The idea of an unhackable password is beyond the realm of possibility, but there are ways to protect yourself and make your password harder to guess than the average password. Cybersecurity professionals lay strict rules on not reusing passwords, picking long, complex ones, and making sure your passwords are safe because if there is a will, there’s a way. The first step to understanding how to pick a password is to understand how password cracking works.

How to crack a password

Let’s say that a certain website requires you to make a four-digit password consisting of only digits, meaning 0-9. As a hacker, how many passwords would I have to try to get into your account? Well, there are 10 possible digits that you could have picked for your first number, 10 for the second, 10 for the third, and 10 for the fourth. So, to calculate the total number of combinations, we multiply together the number of options for each slot. So, in this case, we would have:

10*10*10*10 = 10^4 = 10,000 different combinations

When I asked my everyday laptop to generate and print out these possible combinations, it took 0.120 seconds.

Hackers and cybercriminals take these lists of possible combinations and write a script to have computers try every single combination until they find the right one, called a brute force attack. Brute force attacks work exceptionally well when password requirements have a limited set of combinations, or people create short uncomplex passwords. However, brute force attacks are still frequent occurrences for other systems, running on there own for days, weeks, and possibly years, if there are no additional security measures in place by cybersecurity professionals.

Now, if we say that the password has to be at least 8 characters long, include at least 1 uppercase letter, 1 lowercase letter, 1 number, and 1 symbol. Now, instead of having ten possibilities for each slot in the password, there are 94 possible values for each one:

  • 26 lowercase letters it could be
  • 26 uppercase letters it could be
  • 10 numbers it could be
  • 32 symbols it could be (just counting the ones on a standard QWERTY keyboard)

26+26+10+32 = 94  

For an 8 character password, this means there are 94^8 = 6,095,689,385,410,816. That is six quadrillion possible values for your password. Even if my computer can process a million possible passwords every second (which isn’t very many), it could take up to 6,095,689,385 seconds or 193 years to find your password. If you want to check how long it would take to crack your password or any generic string of characters, try this website:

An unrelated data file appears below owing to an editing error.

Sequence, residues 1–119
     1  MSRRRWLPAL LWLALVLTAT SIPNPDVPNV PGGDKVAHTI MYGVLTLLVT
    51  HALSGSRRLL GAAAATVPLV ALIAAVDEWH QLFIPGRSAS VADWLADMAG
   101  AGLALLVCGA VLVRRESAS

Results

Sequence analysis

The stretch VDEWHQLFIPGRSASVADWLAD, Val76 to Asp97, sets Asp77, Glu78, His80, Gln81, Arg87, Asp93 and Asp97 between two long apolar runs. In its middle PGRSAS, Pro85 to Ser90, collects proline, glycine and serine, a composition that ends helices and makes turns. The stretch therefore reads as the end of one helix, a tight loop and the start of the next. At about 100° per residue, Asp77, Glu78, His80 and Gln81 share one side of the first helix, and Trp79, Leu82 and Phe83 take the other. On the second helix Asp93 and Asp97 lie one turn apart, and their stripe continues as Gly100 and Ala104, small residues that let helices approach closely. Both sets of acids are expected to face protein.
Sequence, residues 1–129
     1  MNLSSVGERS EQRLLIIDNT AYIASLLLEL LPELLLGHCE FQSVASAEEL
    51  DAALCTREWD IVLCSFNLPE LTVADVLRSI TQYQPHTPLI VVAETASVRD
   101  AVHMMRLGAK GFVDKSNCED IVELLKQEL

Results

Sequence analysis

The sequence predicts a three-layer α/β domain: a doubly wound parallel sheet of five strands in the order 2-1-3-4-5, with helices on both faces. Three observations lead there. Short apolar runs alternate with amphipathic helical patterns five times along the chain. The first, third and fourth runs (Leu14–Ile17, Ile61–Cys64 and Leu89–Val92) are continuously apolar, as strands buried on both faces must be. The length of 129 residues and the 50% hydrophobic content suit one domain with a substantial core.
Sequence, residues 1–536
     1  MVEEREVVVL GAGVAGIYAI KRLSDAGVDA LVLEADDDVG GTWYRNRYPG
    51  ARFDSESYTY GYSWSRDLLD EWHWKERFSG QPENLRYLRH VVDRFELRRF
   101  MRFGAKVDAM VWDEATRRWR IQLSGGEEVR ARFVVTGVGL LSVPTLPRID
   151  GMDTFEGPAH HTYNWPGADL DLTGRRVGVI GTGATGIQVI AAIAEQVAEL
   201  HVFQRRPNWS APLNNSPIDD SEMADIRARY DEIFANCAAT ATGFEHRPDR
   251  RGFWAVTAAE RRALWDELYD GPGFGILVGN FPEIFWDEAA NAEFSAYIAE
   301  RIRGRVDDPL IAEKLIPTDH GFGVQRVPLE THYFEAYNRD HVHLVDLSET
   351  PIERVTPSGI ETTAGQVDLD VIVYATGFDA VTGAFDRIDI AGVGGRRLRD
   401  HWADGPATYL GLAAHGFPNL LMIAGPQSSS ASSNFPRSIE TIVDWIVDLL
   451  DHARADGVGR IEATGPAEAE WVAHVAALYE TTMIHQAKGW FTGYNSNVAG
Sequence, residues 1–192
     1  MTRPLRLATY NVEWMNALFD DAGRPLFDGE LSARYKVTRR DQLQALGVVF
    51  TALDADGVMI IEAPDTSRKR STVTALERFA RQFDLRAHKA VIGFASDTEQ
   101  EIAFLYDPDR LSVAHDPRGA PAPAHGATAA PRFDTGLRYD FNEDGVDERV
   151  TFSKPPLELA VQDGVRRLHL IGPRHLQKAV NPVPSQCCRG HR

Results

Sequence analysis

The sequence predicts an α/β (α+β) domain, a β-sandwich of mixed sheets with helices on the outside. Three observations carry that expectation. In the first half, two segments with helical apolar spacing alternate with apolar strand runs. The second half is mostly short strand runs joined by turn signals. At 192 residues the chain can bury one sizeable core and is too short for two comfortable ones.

Which passwords are the most secure?

We can see from the examples above that it is best to make the possible values for each character of your password the most significant number we can. The ideal password would include upper and lowercase letters, numbers, and symbols. Also, notice that in the password example above, we only covered eight-character passwords. What would happen if you added a ninth character? Each additional character multiples the total by 94. Just imagine that every character you add to your password makes it 94 times as difficult to generate your password!

Tip 1: Longer passwords are better and harder to hack! Just make sure you or a password saving system can remember them.

Let’s say we have the option to make our password 13 numbers long or can choose to make it 5 lowercase letters long. Notice here that 13 numbers with 10 slots is 1310 = 130 and 26 letters with 5 slots is 265 = 130. So, there is the same number of choices to make. We have to pick from the 26 letters 5-times or 10 numbers 13-times. Which of these options results in a larger number of possible combinations? Well, the 13 number password would be 10^13 or 10,000,000,000,000 or 10 trillion different combinations. The 5 letter password would be 26^5 or 11,881,376 or roughly 12 million combinations.